Things I Wish I Knew About Public Speaking

Things I Wish I Knew About Public Speaking

There is a very good reason why death and public speaking are the two most feared things in the world. People fear public speaking more because it is more likely that you might need to get up and speak somewhere today than dying. So what exactly is the fear about? What could possibly put the fear of death into you when you need to stand up and talk in front of a room of people?


I will never forget a day many years ago when I was asked to address a group of people at a breakfast. I wasn’t exactly sure what they wanted me to talk about, but the general topic was rugby. With over 12 years of professional rugby under my belt, there was a lot to talk about and a lot that you can’t talk about, so where do you start and where do you end?

I became incredibly nervous as I started speaking and because I had not prepared properly with notes and general guidelines I became more and more nervous as I progressed. 

It should be the other way round. You must be a bit nervous at the start as you are before a rugby match. Being nervous is your body telling you that you are going into battle and that you must be prepared. It is a good positive thing as it keeps you sharp and the adrenaline must help you deliver your best performance. 

On this specific occasion the fear got hold of me and I struggled to string two sentences together. There were a lot of uuhhms and aaahs that day. I managed to gather myself in the end but there is no doubt that everybody in the room felt a bit uncomfortable that day.


So what went wrong and how could I have prevented this from happening? Rule number one: BE PREPARED. Talking about rugby can be vague as there are five hundred topics I could have elaborated on. I should have prepared a very specific topic around rugby and rehearsed it over and over until I had it fully prepared. To have a keynote that is well prepared with certain visuals helps me deliver and keep my audience entertained. To this very day I still get nervous, and my heart starts pumping with adrenaline, but having that extra bit of preparation now allows me to channel this energy in a positive way.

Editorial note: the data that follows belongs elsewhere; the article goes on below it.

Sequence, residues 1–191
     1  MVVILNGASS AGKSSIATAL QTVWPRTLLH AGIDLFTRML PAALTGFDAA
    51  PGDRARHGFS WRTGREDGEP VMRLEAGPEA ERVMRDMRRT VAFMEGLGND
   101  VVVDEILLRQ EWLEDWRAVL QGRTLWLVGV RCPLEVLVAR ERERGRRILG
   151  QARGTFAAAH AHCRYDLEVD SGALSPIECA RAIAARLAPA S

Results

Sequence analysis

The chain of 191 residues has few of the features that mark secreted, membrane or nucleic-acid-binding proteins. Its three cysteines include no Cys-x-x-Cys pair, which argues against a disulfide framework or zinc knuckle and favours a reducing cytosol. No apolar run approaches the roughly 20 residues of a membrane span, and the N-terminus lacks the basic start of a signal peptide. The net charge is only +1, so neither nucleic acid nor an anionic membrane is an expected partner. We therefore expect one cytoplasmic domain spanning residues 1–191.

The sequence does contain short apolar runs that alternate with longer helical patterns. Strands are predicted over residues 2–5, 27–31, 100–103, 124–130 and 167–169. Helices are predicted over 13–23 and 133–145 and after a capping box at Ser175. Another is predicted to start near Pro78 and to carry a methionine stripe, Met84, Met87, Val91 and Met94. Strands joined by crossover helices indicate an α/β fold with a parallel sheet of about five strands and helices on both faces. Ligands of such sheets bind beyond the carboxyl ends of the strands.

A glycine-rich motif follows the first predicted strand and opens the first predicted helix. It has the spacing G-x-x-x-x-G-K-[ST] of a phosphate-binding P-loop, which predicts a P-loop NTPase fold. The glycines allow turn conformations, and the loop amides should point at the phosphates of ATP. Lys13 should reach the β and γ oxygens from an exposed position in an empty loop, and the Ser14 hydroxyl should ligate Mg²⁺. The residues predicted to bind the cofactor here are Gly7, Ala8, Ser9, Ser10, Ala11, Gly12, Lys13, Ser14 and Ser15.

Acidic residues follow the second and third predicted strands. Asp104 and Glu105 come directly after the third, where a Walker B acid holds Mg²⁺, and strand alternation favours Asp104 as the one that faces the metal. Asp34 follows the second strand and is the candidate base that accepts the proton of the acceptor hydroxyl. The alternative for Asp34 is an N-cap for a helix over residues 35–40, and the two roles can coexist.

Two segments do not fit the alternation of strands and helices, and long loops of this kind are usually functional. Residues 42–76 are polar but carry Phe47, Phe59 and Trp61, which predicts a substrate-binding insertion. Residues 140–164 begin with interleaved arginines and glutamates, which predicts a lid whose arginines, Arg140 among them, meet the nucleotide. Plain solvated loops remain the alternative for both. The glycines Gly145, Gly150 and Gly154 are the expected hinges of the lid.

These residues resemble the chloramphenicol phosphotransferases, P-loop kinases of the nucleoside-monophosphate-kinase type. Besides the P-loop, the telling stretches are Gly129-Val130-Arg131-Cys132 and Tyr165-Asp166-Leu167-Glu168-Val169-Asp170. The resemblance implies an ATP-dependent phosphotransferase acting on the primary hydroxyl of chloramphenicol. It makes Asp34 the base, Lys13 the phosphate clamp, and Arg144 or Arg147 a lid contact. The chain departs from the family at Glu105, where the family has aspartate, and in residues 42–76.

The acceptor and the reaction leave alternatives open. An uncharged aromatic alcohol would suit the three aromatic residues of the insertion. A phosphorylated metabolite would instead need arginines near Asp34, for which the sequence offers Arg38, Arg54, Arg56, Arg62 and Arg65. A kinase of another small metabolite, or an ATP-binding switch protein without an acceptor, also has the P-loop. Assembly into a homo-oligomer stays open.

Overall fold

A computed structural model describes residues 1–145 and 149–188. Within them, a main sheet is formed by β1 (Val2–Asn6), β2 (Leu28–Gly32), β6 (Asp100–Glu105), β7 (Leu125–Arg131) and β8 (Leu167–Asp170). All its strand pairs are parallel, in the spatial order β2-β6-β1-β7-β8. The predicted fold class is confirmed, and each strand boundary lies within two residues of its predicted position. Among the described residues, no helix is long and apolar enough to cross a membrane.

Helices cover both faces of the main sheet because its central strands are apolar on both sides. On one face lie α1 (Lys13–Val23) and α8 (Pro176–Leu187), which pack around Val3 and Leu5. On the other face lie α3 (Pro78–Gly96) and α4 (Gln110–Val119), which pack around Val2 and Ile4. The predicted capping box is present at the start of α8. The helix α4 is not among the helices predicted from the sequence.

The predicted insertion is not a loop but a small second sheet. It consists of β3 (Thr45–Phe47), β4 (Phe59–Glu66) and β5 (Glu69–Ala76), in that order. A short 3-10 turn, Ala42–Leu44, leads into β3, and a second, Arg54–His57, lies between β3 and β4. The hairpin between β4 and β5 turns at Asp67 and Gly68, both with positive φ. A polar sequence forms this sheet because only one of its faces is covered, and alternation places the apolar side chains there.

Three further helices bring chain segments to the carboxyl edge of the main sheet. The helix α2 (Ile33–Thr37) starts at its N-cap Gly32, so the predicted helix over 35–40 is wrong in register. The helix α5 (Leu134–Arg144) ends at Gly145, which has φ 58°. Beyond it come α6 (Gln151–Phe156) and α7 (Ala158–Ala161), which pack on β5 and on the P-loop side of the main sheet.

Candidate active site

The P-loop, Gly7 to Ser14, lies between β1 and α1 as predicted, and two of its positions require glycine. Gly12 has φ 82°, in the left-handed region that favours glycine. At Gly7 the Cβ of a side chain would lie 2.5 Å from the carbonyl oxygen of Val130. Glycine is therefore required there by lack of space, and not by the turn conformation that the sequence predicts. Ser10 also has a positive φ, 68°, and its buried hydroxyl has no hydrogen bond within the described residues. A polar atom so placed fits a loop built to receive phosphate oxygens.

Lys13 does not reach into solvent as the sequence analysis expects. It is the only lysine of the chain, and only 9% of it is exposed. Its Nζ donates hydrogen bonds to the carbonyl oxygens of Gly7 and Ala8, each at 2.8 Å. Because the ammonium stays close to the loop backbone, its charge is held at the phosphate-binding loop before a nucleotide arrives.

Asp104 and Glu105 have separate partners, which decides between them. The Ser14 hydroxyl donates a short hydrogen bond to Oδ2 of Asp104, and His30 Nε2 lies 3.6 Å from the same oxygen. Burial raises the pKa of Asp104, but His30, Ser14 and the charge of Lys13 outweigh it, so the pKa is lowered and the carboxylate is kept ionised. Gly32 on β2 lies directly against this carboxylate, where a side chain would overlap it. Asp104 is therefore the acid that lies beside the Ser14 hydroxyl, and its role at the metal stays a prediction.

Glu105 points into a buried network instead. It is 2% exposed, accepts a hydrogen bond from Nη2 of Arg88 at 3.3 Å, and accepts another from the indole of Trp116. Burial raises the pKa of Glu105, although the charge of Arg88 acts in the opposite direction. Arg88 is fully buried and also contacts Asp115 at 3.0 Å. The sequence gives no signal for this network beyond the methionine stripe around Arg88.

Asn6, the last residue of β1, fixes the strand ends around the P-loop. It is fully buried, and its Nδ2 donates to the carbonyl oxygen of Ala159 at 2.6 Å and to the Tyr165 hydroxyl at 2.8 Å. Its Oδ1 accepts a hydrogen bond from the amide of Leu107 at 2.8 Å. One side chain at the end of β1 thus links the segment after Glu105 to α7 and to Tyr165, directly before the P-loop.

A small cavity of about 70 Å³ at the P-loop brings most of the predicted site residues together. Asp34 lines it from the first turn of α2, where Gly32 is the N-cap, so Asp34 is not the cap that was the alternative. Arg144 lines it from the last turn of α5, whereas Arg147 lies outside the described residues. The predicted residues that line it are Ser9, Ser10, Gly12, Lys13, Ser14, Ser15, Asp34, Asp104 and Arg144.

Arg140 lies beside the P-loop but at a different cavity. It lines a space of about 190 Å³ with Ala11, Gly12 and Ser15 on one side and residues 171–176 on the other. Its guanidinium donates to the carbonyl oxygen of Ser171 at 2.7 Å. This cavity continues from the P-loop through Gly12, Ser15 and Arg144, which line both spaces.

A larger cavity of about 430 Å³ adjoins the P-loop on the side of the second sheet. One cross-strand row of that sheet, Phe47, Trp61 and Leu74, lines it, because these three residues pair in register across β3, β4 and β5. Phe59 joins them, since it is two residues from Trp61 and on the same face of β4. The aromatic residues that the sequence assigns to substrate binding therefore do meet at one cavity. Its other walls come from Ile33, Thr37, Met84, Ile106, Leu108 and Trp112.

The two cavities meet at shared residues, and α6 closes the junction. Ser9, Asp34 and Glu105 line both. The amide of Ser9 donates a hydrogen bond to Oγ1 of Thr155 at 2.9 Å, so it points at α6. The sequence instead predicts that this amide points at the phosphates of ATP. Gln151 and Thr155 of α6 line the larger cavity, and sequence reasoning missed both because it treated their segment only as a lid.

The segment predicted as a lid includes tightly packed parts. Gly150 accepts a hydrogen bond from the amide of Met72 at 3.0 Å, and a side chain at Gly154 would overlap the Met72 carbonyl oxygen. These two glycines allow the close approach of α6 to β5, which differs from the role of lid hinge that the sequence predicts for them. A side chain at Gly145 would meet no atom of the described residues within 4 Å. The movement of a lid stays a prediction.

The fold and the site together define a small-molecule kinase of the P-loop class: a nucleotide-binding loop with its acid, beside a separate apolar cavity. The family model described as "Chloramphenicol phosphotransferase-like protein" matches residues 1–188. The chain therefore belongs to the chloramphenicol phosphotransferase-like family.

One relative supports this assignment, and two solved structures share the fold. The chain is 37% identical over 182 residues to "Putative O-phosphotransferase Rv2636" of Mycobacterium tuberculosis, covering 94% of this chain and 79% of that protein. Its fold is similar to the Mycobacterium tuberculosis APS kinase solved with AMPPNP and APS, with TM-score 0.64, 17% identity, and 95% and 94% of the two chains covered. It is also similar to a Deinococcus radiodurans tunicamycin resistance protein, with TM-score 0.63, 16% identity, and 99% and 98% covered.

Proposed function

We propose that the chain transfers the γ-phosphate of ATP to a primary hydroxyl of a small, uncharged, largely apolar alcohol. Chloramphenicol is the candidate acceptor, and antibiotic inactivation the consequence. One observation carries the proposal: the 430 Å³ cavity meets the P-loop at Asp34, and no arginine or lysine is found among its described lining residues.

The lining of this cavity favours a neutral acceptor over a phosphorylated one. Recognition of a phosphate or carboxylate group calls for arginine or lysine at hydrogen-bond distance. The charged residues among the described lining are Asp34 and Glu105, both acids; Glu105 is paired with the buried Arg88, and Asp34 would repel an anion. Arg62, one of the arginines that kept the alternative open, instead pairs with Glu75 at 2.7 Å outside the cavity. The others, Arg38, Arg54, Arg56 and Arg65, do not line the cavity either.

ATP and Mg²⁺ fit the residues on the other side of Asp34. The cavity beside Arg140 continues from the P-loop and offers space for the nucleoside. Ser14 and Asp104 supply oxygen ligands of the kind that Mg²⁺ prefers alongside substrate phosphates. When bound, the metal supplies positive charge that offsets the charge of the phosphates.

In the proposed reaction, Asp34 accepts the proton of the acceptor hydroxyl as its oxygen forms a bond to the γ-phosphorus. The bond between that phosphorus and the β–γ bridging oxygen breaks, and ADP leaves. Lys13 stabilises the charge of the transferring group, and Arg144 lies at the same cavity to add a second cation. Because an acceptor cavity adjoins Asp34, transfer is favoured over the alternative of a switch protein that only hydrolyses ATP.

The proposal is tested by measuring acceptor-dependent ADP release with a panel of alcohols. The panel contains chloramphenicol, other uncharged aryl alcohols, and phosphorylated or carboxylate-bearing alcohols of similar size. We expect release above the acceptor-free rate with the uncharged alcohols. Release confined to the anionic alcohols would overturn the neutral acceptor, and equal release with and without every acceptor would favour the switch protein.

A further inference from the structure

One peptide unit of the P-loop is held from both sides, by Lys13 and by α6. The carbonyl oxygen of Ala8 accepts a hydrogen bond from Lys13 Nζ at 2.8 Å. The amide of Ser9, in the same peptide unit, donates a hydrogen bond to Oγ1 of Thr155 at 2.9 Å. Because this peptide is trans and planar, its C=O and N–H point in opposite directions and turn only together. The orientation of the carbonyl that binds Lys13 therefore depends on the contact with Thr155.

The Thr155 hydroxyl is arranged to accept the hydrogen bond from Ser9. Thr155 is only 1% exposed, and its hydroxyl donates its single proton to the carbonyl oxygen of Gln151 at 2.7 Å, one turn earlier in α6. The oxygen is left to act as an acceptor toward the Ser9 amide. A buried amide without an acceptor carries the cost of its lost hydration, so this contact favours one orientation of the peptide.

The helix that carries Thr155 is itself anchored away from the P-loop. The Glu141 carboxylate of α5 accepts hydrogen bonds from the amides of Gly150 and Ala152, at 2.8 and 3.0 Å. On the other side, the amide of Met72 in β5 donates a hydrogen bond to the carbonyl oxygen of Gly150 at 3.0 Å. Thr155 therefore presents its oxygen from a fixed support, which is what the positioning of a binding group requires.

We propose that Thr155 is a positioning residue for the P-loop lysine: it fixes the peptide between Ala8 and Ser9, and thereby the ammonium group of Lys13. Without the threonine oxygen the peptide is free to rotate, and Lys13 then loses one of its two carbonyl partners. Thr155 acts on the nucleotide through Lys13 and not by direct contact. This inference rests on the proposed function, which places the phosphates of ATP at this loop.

Rule number two: know your audience. Who are the people you are addressing and what have they come to hear? My philosophy around public speaking is that I want people to walk away with something that they can use in their everyday life. If I can give one person in the audience one thing that might make a small difference in their life then I will feel that I have delivered a good keynote. The rest of the audiences must be entertained and feel that it was worth listening to. 

Rule number three: Tell a story. Somebody once said to me that people will forget facts, but they will never forget a story. I use stories in my keynote that explain certain principles. One of the stories I talk about is a 53 -3 loss to England at Twickenham. As the Captain of the Springboks that day I will never forget the game and neither will the Springbok supporters who traveled all the way to London for that game. The story behind the build up to that game is something that people will also never forget so I use that to nail the principle of Motivation and the fact that it is a short term solution that can never give you long term results. 

For more info on Debunking Motivation lets jump on a 15 minute call. Please follow my story on Facebook and LinkedIn. For any keynote speaking event, please look at my speaker sheet or contact me on

Please take the time to read the latest articles from my blog page:

Why Keynote Speaking and Debunking Motivation
Never Giving Up: The Art of Pushing Through

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